8 Great Hanukkah Reads

8 Great Hanukkah Reads

Hanukkah, if you didn’t already know, is a Jewish holiday that begins on the twenty-fifth of the Jewish month Kislev and lasts for eight days. It’s a winter holiday, and because Jewish months don’t correspond perfectly to the Gregorian calendar months, Hanukkah can fall in November, December, or even stretch into January. This year, it begins at sunset on December 24 and lasts until nightfall on January 1.

Hanukkah (sometimes spelled Chanukah), is also called the Jewish festival of lights. On each night of the holiday, a candle is lit in the menorah, a candelabrum that holds nine candles. People observing Hanukkah will pray, eat fried food, play dreidel, and share Hanukkah stories. Those stories are often especially interesting to the children, so any good Hanukkah reading list would have to include children’s books. But there’s plenty to pique the interest of adults as well.

1 There’s No Such Thing as a Chanukah Bush, Sandy Goldstein by Susan Sussman Susan Sussman’s book There’s No Such Thing as a Chanukah Bush, Sandy Goldstein might be a children’s book, but it packs a powerful message about knowing how to respect and enjoy other people’s ways and customs while preserving your own.

2 Hershel and the Hanukkah Goblins by Eric A. Kimmel, illustrated by Trina Schart Hyman If you can’t celebrate Hanukkah because there are some nasty goblins messing around your village synagogue, this books and its main character will give you a good idea of how to outwit them. If, in a more realistic scenario, you’re looking for a fun and witty Hanukkah story with great illustrations, Hershel and the Hanukkah Goblins should be on the very top of your list.

3 Dreidels on the Brain by Joel ben Izzy In Joel ben Izzy’s book Dreidels on the Brain, we meet Joel, a twelve-year-old boy who wants one simple thing for Hanukkah—a miracle. It’s a coming-of-age story set during the eight days of Hanukkah, written with plenty of humor and warmth. Plus, you get a miracle that involves a bus, and buses aren’t usually too miraculous.

4 The Latke Who Couldn’t Stop Screaming: A Christmas Story by Lemony Snicket A latke is a type of potato pancake that’s usually eaten for Hanukkah. Latkes don’t usually run around and explain what Hanukkah is about to candy canes and pine trees, but that’s exactly what the latke from Lemony Snicket’s The Latke Who Couldn’t Stop Screaming: A Christmas Story does.

5 The Power of Light: Eight Stories for Hanukkah by Isaac Bashevis Singer Besides winning a Nobel Prize in Literature and being a very prominent figure in the Yiddish literary movement, Isaac Bashevis Singer also wrote stories for a young audience. The Hanukkah stories he wrote for The Power of Light: Eight Stories for Hanukkah, while aimed at younger readers, are the kind of stories that transcend age and religious barriers.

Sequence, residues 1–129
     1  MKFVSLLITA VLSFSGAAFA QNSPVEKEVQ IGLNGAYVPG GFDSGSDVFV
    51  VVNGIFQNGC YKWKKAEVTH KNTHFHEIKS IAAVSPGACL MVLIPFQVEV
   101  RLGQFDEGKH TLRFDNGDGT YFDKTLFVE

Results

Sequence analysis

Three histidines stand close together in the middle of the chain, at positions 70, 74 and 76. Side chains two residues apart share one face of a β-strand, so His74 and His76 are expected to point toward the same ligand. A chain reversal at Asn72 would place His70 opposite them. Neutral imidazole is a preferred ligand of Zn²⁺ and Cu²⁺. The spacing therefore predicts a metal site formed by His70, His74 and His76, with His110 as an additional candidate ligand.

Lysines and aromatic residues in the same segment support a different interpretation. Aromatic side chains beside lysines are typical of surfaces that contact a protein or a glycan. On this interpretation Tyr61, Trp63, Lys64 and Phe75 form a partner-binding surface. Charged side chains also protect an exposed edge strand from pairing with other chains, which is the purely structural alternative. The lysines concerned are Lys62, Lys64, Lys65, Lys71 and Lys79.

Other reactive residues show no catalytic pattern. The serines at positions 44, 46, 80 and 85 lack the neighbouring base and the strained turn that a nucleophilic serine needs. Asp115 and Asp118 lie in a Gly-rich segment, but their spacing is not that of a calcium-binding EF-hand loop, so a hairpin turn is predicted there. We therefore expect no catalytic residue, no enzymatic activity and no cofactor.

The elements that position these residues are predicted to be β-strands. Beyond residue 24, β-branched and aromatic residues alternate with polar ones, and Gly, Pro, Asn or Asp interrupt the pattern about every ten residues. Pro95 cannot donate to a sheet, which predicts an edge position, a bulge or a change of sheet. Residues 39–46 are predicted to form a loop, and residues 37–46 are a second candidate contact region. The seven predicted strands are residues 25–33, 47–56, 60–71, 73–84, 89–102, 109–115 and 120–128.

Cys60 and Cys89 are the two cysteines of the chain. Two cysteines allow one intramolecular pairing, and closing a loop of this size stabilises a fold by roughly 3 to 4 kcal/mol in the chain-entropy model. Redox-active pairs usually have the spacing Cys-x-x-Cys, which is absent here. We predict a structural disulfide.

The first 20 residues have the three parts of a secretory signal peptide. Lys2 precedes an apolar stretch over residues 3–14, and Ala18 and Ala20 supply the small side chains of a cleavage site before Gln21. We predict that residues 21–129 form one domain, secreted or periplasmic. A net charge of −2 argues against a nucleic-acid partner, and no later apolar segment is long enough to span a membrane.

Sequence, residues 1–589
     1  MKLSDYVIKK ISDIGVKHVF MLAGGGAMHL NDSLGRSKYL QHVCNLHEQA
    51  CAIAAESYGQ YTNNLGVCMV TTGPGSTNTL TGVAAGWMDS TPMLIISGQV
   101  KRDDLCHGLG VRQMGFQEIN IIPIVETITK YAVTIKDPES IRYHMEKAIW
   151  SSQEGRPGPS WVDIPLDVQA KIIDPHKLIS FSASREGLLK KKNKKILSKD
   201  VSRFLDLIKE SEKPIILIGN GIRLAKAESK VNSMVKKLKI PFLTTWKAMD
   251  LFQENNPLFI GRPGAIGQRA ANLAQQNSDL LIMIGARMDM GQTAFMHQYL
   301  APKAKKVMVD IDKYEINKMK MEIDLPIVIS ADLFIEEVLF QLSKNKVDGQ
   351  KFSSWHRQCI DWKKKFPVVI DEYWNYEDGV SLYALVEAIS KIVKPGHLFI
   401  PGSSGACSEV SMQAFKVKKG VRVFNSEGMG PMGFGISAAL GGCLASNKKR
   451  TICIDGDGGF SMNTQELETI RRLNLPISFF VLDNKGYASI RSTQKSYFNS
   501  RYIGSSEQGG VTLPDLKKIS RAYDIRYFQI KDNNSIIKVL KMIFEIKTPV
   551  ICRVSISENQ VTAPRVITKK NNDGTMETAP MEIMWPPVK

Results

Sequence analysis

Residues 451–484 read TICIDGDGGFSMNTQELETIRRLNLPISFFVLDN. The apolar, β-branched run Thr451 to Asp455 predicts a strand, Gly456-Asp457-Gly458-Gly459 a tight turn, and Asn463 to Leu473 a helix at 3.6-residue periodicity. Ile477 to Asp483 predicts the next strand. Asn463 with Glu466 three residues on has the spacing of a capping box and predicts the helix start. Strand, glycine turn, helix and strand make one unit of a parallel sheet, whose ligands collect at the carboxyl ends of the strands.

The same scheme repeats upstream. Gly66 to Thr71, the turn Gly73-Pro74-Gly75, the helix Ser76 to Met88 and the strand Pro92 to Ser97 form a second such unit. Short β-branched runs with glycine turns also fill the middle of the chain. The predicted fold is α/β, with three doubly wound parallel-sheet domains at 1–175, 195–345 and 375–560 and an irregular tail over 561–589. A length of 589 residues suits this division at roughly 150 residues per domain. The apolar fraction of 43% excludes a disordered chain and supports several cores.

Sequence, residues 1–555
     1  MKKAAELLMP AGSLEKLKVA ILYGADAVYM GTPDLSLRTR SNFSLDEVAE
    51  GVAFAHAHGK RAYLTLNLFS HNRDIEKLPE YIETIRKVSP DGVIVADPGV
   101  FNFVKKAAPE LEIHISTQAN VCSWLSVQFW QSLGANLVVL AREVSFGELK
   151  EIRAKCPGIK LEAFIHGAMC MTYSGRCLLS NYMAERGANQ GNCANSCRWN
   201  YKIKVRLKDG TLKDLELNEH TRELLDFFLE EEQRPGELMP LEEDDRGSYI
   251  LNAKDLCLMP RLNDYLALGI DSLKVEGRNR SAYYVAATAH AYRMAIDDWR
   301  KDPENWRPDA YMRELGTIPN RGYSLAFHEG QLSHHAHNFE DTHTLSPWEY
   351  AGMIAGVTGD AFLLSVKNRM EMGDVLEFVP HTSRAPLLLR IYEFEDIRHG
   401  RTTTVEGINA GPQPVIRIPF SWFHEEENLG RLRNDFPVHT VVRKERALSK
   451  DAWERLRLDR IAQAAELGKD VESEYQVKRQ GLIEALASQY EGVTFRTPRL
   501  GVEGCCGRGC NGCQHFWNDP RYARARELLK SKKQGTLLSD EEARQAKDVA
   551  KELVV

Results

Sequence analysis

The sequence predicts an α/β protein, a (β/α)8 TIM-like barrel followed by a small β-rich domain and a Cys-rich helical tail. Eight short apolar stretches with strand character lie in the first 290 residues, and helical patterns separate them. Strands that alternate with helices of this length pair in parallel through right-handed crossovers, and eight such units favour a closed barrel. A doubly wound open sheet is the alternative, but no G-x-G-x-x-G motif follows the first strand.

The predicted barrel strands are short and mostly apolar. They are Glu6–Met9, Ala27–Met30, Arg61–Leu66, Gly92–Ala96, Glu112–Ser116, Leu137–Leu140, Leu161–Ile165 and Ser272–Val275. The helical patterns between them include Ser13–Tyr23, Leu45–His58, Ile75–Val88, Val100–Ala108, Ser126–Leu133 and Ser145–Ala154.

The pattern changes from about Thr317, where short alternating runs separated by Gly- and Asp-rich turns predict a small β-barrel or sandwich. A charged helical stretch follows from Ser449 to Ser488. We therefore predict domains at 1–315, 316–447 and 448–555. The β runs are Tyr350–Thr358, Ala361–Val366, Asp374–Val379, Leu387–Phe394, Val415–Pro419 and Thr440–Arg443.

6 What Is Chanukah? by Sholem Aleichem From the pen of the Solomon Naumovich Rabinovich, a.k.a. Sholem Aleichem, the man who wrote the stories on which Fiddler on the Roof was based, comes a very recently translated short story, What Is Chanukah?. Written with the humor Aleichem is celebrated for, the story is set at a Hanukkah party where our narrator is doing his best to figure out whether anyone knows anything about the holiday they’re celebrating.

7 While the Candles Burn: Eight Stories for Hanukkah by Barbara Diamond Goldin While the Candles Burn is a collection of stories, some written by Barbara Diamond Goldin, and some coming from sources as varied as Afghani Jews, Holocaust survivors, and kids from mixed Arab and Jewish schools in Israel. Another kids’ book on the list that should be read by adults as well.

8 Seasons of Our Joy: A Modern Guide to the Jewish Holidays by Arthur Waskow

Arthur Waskow’s Seasons of Our Joy isn’t about Hanukkah alone—it’s about all Jewish holidays and observances. It’s not as much a book of stories as it is a handbook of Jewish holidays, their origins, and how they are celebrated, but it’s a very good book to turn to if knowledge is what you’re looking for.

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